Judy Moody and the Not Bummer Summer
Releasing just as the school year ends for millions of children, it’s certain the distributors of this movie are hoping the pent up student population will pour from classrooms straight into movie theaters to see Judy Moody.
A precocious 3rd grader, Judy is determined to have the best summer ever. So she has put together a poster sporting a list of "must dos." Each activity completed will score a level of thrill points. If all goes as scheduled, Judy and her best friends Rocky and Amy (Garrett Ryan and Taylar Hender) will end up with 100 thrill points, signifying a super season. It appears to be the perfect plan until both buddies announce they are already booked into far more exciting plans. Rocky is headed to circus camp and Amy is off to Borneo with her globetrotting mother to find a "lost tribe." That leaves Judy with only her second best friend Frank (Preston Bailey) and irritating little brother Stink (Parris Mosteller). Sadly, her younger sibling has already decided how he will wile away the sunny days searching for Bigfoot!
Could things possibly be worse?
Judy thinks her doldrums dilemma might be solved when her mom and dad announce a sudden need to go to California to care for an aging relative. But the possible thrills of two months on the west coast are immediately dashed when she learns the kids are being left behind in the care of Aunt Opal (Heather Graham).
Arriving with a steamer trunk full of exotic clothes and crafts, Opal quickly sets up shop and resolves to help her niece and nephew find some fun within their community. However, even this idea presents a challenge as Opal has spent far more time wandering the planet in sandals than she has driving, raising kids or keeping a house in order.
With a literally animated imagination, Judy’s dreams break into cartoonish escapades that represent her desires of bettering her brother and besting her friends at scoring thrill points. Yet, in reality, working through the events on her list continually results in disappointing outcomes. This is usually due to Frank or Stink not meeting her expectations. For instance, a hands-in-the-air roller coaster ride is too much for Frank’s candy-gorged stomach (leavings his friend covered in florescent green vomit) and a night at a scary movie fest ends early when the young man decides he really doesn’t enjoy frightening features. Meanwhile, Stink’s mind continues to be squarely focused on finding the elusive giant forest creature. And Judy’s disapproval of his goal only intensifies after the boy’s scat collection is accidentally mixed into a picnic lunch.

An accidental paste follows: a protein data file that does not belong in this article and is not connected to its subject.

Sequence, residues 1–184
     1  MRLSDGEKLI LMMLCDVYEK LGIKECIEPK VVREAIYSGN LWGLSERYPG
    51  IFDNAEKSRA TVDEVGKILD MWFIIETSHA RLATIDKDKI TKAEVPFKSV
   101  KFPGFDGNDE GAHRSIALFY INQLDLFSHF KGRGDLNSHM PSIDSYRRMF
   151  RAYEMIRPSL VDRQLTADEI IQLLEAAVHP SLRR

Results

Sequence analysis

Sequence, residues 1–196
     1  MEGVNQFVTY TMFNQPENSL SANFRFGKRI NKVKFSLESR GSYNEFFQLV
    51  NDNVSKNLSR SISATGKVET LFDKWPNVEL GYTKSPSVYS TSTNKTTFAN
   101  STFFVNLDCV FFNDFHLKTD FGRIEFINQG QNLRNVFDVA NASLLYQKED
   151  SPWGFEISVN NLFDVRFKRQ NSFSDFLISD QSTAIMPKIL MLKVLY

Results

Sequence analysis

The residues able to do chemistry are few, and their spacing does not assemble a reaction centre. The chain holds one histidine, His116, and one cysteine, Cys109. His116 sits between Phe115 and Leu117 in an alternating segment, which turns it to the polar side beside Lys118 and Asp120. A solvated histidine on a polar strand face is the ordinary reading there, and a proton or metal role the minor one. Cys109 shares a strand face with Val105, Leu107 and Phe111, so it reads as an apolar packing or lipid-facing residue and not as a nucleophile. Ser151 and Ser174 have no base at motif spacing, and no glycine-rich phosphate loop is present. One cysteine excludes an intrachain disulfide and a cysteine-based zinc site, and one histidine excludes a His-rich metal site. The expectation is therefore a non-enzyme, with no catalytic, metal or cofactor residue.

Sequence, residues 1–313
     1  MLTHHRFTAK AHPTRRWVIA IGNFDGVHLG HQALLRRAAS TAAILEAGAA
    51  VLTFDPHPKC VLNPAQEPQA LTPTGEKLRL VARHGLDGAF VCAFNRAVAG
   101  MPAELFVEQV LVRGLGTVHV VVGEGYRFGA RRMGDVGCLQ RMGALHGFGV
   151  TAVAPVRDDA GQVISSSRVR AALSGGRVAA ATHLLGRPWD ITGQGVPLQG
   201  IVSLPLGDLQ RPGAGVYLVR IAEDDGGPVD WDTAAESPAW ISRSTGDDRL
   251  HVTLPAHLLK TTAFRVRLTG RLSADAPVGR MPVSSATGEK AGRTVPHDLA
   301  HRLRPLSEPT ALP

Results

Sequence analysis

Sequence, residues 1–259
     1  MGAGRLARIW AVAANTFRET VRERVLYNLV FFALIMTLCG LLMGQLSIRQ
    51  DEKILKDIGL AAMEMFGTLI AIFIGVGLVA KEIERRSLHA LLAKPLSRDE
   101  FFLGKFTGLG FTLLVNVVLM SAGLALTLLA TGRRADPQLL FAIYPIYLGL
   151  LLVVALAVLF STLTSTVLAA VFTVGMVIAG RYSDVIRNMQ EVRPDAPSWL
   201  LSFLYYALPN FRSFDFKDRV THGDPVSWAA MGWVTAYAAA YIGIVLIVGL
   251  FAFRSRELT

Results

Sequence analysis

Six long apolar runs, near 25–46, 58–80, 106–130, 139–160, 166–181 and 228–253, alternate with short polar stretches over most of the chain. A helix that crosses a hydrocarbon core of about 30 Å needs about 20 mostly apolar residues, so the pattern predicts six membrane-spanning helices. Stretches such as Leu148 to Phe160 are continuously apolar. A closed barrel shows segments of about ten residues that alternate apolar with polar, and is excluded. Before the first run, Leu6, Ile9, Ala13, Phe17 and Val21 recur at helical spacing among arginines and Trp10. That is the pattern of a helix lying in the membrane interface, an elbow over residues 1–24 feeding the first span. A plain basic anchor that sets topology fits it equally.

Unfortunately this popular children’s book loses some of its charm in its conversion to a screenplay. The action often goes over the top making it less likely young audiences will relate to the characters. Aunt Opal’s inability to drive sends her careening through residential front yards. In one case she hits an inflatable castle sending it flying over the car and then drags it down the street. When the toy finally comes to a stop, a small boy emerges with a big smile on his face. In another scene, a car chases after "Bigfoot" leaving in its wake property damage that would certainly cause injuries in a realistic scenario.
Some pre-adolescents will find entertainment in Judy’s adventure that eventually helps the youngster realize she doesn’t need to be at the center of attention in order to enjoy life. Perhaps the best thing the movie has to offer is its concept. Judy’s proactive initiative may motivate kids to make their own plans for the summer ahead.